I’ll just come out and say it. A consistent issue I see when actors come in for an audition is that they lack confidence. It’s a little surprising to me, as the actor stereotype can be just the opposite. Actors are self-assured, ready for anything, secure, even cocky, right? Well, no. Rarely, actually. And when you believe, as I do, that a little confidence goes a long way, this is something an actor might want to evaluate for themselves. How’s your confidence?
Commercial actors should never be without confidence when walking into an audition.
How exactly does one increase their own confidence? I have some thoughts.
Luck favors the prepared.
You’ve heard this. Well, preparation cultivates confidence. Easy. When you enter an audition having read the provided information/material, done the research (product, past commercials, director style) in wardrobe, with copy memorized, you are flat out going to be more confident that if you are winging it. This also means you have the advantage over many of your cohorts sitting next to you in the lobby. There’s still a notion out there that commercial auditions are a numbers game, you can show up whenever you want, and you figure it out on the fly. For the record, none of this is true, and when you treat your audition seriously and respect the process, you are leaps ahead of many of those around you. Take that confidence and run with it. When you are prepared, you are more confident.
Gain the skills. Get educated!
The commercial audition is a strange beast. It’s not unusual to be asked to have genuine reactions to a completely make-believe situation, to use silly props or to drive an invisible stick-shift down the street. You are asked to talk straight to the camera (as your invisible friend) all the time. All scenarios are completely strange and many times, have little to do with what you’ll actually be required to do on set. But you have to be great at the odd/awkward audition to book the job… to do an (oftentimes) easier task on set! Want to be more confident in your commercial audition skills? Want to be more at ease with the odd but common requests made in commercial casting sessions? Take a class or two in the art of the commercial audition. You don’t know until you know how the heck to master various types of commercial auditions. A class is usually the quickest way to achieve this goal. Confidence comes from knowing vs. guessing what to do under the many commercial audition scenarios. Gain your confidence in class and take it with you to the room.
Regularly participating in auditions will lead to confidence when auditioning. That’s a no brainer. But what’s to be done when the auditions dry up? Or maybe you’ve never auditioned regularly enough to feel that confidence? Start hoarding commercial copy from anywhere you can get it and put yourself on tape. Have a friend help you or, better yet, wrangle a set up so you can do it on your own and completely at your leisure. When you know, generally, what good auditions look like, putting yourself on tape and watching it back to evaluate can be a great way to keep flexing your commercial audition muscles. If you have a small group of actor pals who can participate with you, all the better. Regular experience/practice brings confidence. There’s no need to feel rusty when attending an audition. You have control over this.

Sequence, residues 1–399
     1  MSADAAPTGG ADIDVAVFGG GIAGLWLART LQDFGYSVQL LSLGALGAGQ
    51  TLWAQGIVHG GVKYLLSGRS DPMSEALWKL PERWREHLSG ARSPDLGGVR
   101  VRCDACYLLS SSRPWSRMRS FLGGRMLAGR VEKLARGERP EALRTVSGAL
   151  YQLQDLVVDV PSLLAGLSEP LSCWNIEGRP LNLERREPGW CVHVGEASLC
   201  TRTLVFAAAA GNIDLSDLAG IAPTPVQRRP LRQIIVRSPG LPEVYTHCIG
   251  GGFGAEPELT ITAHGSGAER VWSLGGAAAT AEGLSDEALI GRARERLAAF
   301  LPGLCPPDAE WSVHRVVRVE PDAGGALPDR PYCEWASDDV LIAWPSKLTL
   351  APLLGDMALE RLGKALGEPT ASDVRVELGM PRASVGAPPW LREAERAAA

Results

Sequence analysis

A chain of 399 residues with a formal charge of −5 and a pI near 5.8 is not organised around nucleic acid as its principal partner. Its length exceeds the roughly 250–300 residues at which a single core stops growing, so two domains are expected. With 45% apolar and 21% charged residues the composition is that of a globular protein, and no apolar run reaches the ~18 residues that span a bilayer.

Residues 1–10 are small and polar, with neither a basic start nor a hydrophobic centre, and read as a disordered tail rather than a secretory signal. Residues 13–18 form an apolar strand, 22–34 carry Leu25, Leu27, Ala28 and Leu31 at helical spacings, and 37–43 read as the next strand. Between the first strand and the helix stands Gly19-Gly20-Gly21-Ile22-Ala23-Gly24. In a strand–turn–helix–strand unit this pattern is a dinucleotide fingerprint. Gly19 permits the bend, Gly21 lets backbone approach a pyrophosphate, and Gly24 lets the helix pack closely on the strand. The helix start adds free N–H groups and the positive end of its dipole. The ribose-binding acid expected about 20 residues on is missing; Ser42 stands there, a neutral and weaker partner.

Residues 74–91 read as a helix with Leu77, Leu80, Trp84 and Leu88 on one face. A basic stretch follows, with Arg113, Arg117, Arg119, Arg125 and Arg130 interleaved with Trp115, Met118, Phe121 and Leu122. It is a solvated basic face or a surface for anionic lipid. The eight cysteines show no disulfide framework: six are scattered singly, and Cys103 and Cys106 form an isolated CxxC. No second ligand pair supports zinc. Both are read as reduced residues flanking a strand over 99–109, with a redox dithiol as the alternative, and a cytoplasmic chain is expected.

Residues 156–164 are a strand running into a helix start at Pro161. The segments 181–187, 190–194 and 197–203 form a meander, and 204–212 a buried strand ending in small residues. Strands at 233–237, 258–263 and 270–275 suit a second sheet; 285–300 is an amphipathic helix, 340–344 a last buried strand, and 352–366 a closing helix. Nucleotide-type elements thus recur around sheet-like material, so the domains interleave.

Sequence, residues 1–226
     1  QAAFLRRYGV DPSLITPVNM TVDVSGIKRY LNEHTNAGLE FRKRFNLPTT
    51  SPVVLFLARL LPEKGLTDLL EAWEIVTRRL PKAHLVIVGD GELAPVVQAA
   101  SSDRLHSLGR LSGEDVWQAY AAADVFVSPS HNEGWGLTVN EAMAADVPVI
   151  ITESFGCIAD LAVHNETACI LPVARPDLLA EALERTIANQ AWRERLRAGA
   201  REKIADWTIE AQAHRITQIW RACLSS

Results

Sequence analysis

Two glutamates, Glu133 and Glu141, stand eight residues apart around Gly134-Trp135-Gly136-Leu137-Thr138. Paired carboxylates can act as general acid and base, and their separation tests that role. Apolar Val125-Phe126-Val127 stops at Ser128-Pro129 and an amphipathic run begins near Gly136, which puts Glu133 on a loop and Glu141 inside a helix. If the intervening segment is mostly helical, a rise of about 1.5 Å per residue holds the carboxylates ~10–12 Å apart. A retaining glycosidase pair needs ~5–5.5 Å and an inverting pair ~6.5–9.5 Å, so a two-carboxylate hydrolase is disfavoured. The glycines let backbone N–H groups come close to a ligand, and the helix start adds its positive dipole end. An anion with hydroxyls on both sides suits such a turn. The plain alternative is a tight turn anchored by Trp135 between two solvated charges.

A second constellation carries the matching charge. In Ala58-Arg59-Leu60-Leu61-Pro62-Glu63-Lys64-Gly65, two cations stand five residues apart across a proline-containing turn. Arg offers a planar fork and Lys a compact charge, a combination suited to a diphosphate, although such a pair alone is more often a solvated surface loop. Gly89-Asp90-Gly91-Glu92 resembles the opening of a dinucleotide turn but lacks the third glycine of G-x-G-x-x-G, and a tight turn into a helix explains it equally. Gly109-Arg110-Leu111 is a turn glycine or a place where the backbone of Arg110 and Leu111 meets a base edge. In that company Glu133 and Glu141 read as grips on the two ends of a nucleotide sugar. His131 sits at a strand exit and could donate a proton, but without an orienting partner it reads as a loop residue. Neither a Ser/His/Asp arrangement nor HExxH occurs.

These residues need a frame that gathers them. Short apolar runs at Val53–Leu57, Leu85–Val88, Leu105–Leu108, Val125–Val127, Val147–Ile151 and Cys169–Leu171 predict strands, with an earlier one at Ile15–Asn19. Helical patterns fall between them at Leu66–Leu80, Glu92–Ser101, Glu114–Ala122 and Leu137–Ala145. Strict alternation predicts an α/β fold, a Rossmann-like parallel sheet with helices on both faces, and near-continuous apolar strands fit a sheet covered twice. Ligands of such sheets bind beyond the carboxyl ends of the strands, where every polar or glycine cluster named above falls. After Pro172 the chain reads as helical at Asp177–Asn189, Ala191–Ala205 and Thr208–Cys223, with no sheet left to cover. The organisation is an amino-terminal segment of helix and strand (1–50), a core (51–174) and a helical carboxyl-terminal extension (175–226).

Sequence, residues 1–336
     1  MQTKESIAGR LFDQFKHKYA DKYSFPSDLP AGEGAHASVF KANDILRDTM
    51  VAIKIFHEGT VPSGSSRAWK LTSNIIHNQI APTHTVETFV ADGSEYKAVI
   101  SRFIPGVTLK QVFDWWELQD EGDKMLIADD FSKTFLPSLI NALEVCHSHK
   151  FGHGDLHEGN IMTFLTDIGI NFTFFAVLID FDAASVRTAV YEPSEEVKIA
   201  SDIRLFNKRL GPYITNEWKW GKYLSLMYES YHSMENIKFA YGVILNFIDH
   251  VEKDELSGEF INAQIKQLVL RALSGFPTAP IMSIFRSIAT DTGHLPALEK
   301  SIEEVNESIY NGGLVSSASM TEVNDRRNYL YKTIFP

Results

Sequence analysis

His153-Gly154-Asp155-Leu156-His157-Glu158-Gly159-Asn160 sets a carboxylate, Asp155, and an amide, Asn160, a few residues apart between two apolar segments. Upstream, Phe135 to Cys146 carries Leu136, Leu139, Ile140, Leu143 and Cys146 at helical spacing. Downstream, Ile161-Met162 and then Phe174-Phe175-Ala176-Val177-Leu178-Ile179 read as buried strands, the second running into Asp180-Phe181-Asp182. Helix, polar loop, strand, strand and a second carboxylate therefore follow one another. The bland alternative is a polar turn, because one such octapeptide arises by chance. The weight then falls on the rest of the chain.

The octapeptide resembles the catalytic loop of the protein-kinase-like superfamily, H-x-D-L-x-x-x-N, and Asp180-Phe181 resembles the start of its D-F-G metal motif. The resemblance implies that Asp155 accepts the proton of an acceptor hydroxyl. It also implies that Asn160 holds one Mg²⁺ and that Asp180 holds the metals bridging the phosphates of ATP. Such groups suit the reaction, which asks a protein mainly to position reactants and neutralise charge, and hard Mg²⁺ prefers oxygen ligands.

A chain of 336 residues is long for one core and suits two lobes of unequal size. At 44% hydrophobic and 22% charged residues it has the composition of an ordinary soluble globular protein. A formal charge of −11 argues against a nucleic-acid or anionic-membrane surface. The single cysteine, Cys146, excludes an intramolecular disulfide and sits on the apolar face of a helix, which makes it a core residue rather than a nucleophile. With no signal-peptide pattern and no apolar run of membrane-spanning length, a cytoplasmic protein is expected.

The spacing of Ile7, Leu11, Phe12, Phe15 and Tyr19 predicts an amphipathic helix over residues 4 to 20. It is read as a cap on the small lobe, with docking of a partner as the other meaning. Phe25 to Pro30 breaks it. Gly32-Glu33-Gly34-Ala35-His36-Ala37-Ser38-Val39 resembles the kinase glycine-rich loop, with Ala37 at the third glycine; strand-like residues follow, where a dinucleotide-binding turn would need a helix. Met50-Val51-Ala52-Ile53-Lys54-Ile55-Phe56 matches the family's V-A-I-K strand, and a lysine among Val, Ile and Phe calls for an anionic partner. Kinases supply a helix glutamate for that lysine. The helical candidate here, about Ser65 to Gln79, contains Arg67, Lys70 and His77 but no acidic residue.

Confidence can certainly come from some fantastic support. A mentor to ask what feels like a stupid or silly question is a gift. A group of knowledgeable and driven actors can be an invaluable resource when you need help here and there. I am a strong advocate for asking questions of the lobby assistant or session director in a commercial audition setting, but it may feel empowering to ask a knowledgeable person the night before. Even if you still have questions, and you will, when attending your commercial audition, you will have covered your bases as much as possible beforehand. It seems like a confidence booster to me.
Booking = confidence.
You all have known (or been one yourself) actors who book a job, and then book job after job after job. They get on a “booking streak”. The booking streak is due to confidence. Period. The difference is walking into the room knowing you can book the job vs. walking into the room hoping you can, or (eek!) knowing you won’t. After you’ve booked a job you know on a very real level, that you can book more. It’s the “I know I can book it” confidence that looks good in the room.
However you gain confidence, get on it! Carry that confidence with you. Make it your goal to walk in the audition room knowing you can book the job.